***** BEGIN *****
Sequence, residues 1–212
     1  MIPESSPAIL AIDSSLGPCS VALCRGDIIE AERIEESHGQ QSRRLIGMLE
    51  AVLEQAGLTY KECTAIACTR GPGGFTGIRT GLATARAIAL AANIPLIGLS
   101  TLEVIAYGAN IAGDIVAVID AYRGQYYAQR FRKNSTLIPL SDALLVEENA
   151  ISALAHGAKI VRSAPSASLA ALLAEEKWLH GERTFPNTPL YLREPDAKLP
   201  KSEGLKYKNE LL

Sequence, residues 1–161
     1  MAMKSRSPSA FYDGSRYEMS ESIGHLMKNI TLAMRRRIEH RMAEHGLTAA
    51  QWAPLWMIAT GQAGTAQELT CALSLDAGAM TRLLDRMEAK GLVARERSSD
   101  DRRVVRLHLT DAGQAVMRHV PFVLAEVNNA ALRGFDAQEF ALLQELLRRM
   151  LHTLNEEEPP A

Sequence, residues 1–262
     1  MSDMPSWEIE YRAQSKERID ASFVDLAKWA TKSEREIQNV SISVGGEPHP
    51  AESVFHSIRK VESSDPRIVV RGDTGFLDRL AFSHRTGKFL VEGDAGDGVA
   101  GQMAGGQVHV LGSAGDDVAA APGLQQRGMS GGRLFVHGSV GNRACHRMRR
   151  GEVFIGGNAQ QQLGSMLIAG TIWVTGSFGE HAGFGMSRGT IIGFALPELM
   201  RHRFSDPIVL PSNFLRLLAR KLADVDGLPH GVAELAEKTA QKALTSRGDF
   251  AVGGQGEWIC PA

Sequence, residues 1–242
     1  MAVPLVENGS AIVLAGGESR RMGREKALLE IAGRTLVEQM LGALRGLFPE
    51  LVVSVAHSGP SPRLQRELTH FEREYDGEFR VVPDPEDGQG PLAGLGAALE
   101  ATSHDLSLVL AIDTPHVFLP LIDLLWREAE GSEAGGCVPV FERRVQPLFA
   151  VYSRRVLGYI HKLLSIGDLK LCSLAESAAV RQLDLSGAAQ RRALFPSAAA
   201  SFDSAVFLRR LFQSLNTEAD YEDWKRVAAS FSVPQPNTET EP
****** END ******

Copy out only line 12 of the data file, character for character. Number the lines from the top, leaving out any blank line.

Sequence, residues 1–262